4. I am thinking if I had to submit 10 framed photos for an exhibition which would they be.
5. I am submitting poetry manuscripts to appropriate publishers.
6. I am writing my first full-length play.
7. I am attempting to get back into writing my first novel.
8. I am trying to keep this writing blog going.

Tuesday, February 10, 2009

Schmap 2009 Galway City Guide

I was so pleased to receive an E-mail the other day informing me that one of my photos had been selected to appear in this year's Schmap guide to Galway city. I am thrilled with the image that was chosen. As well as it being one of my personal favourites, it is quite a contemporary semi-abstract image using mannequins and reflections.
Galway city is such a colourful, vibrant, cosmopolitan place to visit with a camera that each time I am like a child in a sweet shop. I don't run out of creative enthusiasm until I have shot about two hundred images. I know this is right because I have counted the total each time. There aren't many places that would be able to sustain continuous creative inspiration for three hours.

This image, (copyright Mark Chaddock), is now on the 2009 Schmap guide available for use on mobile phones and ipods and my image is in the 'museum' section. Happy shooting!http://www.schmap.com/galway/sights_universityarea/p=106624/i=106624_3.jpg

Friday, February 6, 2009

'Weekly Edition' Radio CRC Interview

Last Sunday I was interviewed by Edith Geraghty on her local radio slot - ('Weekly Edition' :5 - 6pm Sundays, repeated Tuesdays at 7 -8pm) - about my life and writing. I must admit, despite Edith being a lovely lady who I have known for a couple of years now, it was still somewhat daunting - a whole hour talking about myself. Okay, it was reassuring to know I would be reading a few of my poems. Even so, because of my nervousness, and because I knew i would be most at ease reading my poems, my plan was to read as many as possible, so that the 'interrogation time' - (in terror?) - would be reduced. But which to read? Old ones; new ones; those that related to what I was going to be talking about? So I took loads. And loads.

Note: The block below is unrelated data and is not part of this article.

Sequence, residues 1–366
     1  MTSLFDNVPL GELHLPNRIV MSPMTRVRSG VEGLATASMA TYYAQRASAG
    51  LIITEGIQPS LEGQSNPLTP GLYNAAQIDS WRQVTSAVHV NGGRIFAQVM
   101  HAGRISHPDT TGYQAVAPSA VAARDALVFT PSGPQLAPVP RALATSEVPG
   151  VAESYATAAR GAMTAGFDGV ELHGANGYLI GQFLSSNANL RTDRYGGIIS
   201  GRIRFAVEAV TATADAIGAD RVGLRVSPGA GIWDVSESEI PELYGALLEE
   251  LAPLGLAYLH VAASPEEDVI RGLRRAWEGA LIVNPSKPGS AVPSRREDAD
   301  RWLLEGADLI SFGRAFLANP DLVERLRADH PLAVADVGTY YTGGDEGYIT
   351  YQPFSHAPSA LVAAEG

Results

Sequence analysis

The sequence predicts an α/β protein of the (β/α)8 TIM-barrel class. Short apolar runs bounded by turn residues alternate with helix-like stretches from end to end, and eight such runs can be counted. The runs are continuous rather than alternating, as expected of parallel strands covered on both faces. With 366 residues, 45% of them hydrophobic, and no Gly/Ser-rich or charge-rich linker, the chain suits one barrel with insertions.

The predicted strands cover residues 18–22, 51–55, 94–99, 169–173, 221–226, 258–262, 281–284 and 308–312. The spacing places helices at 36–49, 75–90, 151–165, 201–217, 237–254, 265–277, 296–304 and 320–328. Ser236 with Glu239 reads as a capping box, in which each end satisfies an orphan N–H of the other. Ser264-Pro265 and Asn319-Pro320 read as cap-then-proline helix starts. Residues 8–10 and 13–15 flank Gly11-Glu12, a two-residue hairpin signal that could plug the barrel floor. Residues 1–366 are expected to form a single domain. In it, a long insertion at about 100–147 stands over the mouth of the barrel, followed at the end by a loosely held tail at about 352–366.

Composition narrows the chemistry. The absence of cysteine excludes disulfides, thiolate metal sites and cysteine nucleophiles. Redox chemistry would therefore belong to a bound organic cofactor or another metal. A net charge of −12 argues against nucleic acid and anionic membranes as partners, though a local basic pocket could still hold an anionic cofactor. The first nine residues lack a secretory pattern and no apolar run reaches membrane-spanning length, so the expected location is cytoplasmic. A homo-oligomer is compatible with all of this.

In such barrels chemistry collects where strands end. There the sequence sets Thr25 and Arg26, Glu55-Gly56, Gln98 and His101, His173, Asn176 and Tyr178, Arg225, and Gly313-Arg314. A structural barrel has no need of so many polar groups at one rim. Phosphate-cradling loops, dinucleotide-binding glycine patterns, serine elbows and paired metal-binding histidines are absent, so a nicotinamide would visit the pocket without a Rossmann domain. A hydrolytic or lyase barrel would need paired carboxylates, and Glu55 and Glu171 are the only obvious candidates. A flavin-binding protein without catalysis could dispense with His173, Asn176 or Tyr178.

In the event I was put totally at ease by Edith, (who, as well as being a natural radio presenter, is also Artistic Director of Phoenix Theatre Works - a voluntary theatre company based in Belmullet here in Co. Mayo). Sat in the room with headphones and microphone facing Edith's warm smile and gentle questioning turned out to be thoroughly enjoyable, and I must admit I was left slightly embarrassed by my initial concerns. Apart from it being good publicity, (an opportunity not to be missed by any writer), the experience was also an altruistic and enhancing one. I would encourage anyone who is asked to appear on Edith's programme on CRC Castlebar local radio, 102.9fm, to agree unreservedly without hesitation. It was one of the most enjoyable ways I have ever spent an hour. I was even told I had a lovely baritone voice - so now you know! Now then, I'm telling ya - you heard it here first!

(By the way, Phoenix Theatre Works gave three performances of my first play, 'The Quiet Room', at the new arts centre, Belmullet, in April 2008. I am currently in the process of writing a new full-length play for them).

Edith Geraghty works tirelessly for the local Belmullet community raising money for various charities, (especially the Irish Wheelchair Association and the Lifeboat Association), through the Arts.